From the Dean
These days, nearly every program in every university calls itself “global.” But SFS is the real deal. We were created nearly a century ago with a bold mission to foster peace and stability through educating students and practitioners from a global perspective.
What makes SFS unique is our commitment to service. We see service not as a particular career path, but as an approach to solving problems that is just as relevant in the private sector as the public sector. What makes SFS unique is our extraordinary pairing of first-rate scholars and practitioners. We push our students to constantly challenge big ideas with experience of practice from all over the world. What makes SFS unique is the unequaled range and depth of our understanding of countries, regions, and cultures. We have over 20 different centers and programs that cover all regions of the world and key cross-cutting global issues. What makes SFS unique is our convening power in Washington, DC, creating extraordinary opportunities for us to engage (and sometimes even influence) the debates that lead to real action.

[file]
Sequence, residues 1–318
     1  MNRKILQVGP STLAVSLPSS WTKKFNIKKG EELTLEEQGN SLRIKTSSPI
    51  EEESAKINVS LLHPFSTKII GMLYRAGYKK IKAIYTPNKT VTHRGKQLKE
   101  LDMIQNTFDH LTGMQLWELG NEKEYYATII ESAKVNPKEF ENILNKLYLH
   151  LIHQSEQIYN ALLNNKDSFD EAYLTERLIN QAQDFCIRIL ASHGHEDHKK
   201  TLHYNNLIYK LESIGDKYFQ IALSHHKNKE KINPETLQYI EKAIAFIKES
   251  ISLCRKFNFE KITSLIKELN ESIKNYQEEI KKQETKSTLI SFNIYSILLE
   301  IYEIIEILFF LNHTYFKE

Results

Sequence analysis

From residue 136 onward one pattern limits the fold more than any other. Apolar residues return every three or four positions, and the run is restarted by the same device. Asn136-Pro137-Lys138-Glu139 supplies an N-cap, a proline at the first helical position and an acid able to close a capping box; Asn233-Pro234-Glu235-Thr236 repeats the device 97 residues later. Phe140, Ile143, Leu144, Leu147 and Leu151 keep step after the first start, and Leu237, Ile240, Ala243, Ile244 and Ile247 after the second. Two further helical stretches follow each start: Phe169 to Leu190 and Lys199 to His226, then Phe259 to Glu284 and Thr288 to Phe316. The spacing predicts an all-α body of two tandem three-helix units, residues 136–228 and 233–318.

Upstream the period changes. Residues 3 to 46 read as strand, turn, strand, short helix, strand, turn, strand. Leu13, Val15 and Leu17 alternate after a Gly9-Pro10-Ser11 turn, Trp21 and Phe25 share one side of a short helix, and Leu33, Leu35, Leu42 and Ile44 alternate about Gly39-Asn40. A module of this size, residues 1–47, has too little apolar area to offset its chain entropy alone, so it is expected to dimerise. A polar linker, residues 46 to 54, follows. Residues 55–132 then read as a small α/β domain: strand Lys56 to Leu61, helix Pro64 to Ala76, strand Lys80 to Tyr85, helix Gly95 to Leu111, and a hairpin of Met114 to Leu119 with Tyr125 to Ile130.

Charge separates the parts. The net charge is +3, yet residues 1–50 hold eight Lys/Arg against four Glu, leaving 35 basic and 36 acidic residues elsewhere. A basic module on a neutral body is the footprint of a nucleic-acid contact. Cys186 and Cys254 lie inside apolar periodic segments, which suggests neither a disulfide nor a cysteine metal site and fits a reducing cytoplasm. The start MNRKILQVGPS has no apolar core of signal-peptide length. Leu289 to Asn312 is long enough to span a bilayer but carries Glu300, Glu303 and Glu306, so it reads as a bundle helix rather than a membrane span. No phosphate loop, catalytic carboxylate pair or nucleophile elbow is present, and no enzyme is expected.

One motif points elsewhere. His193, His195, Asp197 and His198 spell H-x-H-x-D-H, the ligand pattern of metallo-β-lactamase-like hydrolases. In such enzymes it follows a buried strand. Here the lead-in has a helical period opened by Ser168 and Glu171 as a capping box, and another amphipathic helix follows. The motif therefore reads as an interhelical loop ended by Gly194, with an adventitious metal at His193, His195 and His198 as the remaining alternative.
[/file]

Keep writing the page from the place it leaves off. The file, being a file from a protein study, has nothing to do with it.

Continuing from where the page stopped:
This is what attracted me to SFS as Dean after nearly 20 years on the front lines of development at the World Bank grappling with some of the toughest economic and political challenges in over 50 countries. This is what has motivated our extraordinary community of alumni – 30,000 strong and currently residing in some 120 countries – working in leadership roles in nearly every walk of life in diplomacy, business, the arts, development with a strong global focus. And we hope this will attract you to take a closer look at SFS and all that we offer.
As you learn more about us, you’ll see that SFS students come from all over the world, and their interests are just as far-reaching. From our Culture and Politics majors in the undergraduate program to the master’s students pursuing security studies, the SFS student population is engaged in studying all aspects of the world. They make sure to make time for fun, too, from acting in the theater program, DJing at WGTB, playing soccer with their graduate program soccer team, or getting involved with the International Relations Club. They work as members of the Corp, an entirely student-run business on campus, or as journalists or journal editors at the numerous publications printed at Georgetown. No matter what your interests, there is something at the SFS to keep you busy.
Joel Hellman, Dean
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